Recycling the Past


Source: The Press of Atlantic City
Author: DEREK HARPER - Staff Writer - (609) 978-2015
Posted: Monday, May 10, 2004

If you're looking for Matt White, just look for the church steeple by the side of the road in Barnegat.  He and his family run the architectural salvage shop in town. They can get you anything you need, from hulking castle doors to shiny art deco lamps.

Take, for instance, the church steeple. He got a great deal on it in Barnesville, Md. The church was being taken down, and the steeple had to go. So, he hired a crane, but he wasn't around when the steeple came off. His buddy volunteered to put it on his trailer, instead. White went to Maryland, but now he had a problem. His friend had a somewhat decrepit trailer loaded down with this 15-foot tall, rather singular architectural gem. White wanted it on his trailer, but his friend said it couldn't be done. Impossible, he said. It weighs too much. He bet me 50 bucks," White said. With the proper bracing, supports, rollers and time, White had the gray-brown weathered steeple and the cash. He hit the road. But mobile steeples turn heads on the highway. E-ZPass is such a blessing, he said. "Before E-ZPass you had to talk to every toll booth clerk," White said. "They'd look at it and say 'what the hell is that?'" Back in Barnegat, he rounded up a couple guys who sometimes do work for him, and they backed the formerly sacred object off the yellow trailer. Put down a few rollers, braced it again, and they hauled it close to the highway. They propped it up. And the White family, who runs Recycling the Past at 381 N. Main St., had another find for their lot, arguably the most eclectic yard in town. You can see some of their stuff at their Web site, "People in town must think I'm crazy," he concedes. There are the dozen massive claw-foot bathtubs toward the back, selling for several hundred dollars each. Five inches of water sit inside from the previous night's rain. Another 18 heavy sinks sit nearby, next to moulds used to cast plaster sculpture. A box of letters from an old marquee is placed under a tree. Each is three dollars. Elsewhere in the yard, you can find, among many, many other things a cupola from the former Dorrance Estate on Philadelphia's Main Line, the Campbell's Soup people.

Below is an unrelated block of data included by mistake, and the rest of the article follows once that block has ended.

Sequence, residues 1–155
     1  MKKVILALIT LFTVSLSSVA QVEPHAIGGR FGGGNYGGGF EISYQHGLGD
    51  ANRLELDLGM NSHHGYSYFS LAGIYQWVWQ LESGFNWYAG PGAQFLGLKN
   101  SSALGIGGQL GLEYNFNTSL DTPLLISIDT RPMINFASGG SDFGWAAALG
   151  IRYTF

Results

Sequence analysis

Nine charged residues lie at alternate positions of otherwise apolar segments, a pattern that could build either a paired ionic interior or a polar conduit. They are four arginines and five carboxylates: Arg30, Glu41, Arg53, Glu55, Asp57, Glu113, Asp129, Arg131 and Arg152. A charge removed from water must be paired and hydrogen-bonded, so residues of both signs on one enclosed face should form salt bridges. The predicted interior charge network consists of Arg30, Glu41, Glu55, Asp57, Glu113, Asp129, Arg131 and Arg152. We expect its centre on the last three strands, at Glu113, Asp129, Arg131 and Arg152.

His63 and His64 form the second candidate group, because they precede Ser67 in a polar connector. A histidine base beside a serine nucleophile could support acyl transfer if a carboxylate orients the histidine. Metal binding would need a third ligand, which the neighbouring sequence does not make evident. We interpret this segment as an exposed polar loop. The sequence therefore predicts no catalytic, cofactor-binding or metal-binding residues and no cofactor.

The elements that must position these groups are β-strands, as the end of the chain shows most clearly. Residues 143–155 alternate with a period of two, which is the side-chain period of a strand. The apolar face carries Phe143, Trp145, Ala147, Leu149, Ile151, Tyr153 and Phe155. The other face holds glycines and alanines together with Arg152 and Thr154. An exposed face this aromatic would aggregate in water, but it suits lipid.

The place has elaborate gardens that fill the front of the yard. Towering plants shade the path to the house. Off the parking lot, another stone path leads down to a dark, cool fountain. Pudgy children, hewn from limestone, frolic. Inside the house are several rooms of random eclectic details. A bathtub. A polished old-fashioned lock and key set. Clear crystal door knobs. Yellowed architectural drawings holding the ghostly sculptural details of vanished buildings. The Whites keep track of it all on a corner table in one of the rooms. It's some sort of pulpit, said Matt's brother, Josh White, 27. He recently came back from Florida to work in the family business.

  This pulpit has three interlocked chains, two gavels on the side and the office supplies on top - a digital camera, glass cleaner and a tarnished silver trophy used to hold pencils. On a dull side is engraved "F.P.T.A. Mixed Doubles, 1915." The family also bought two older, run-down homes along Barnegat within the last several years. When the houses are rehabbed, the family hopes to expand into them. It wasn't always this way. Their crazy yard happened while they were making other plans.

  The family lived in Medford, and Matt Whi

Recycling The Past - Architectural Salvage
381 North Main Street, Barnegat, NJ 08005

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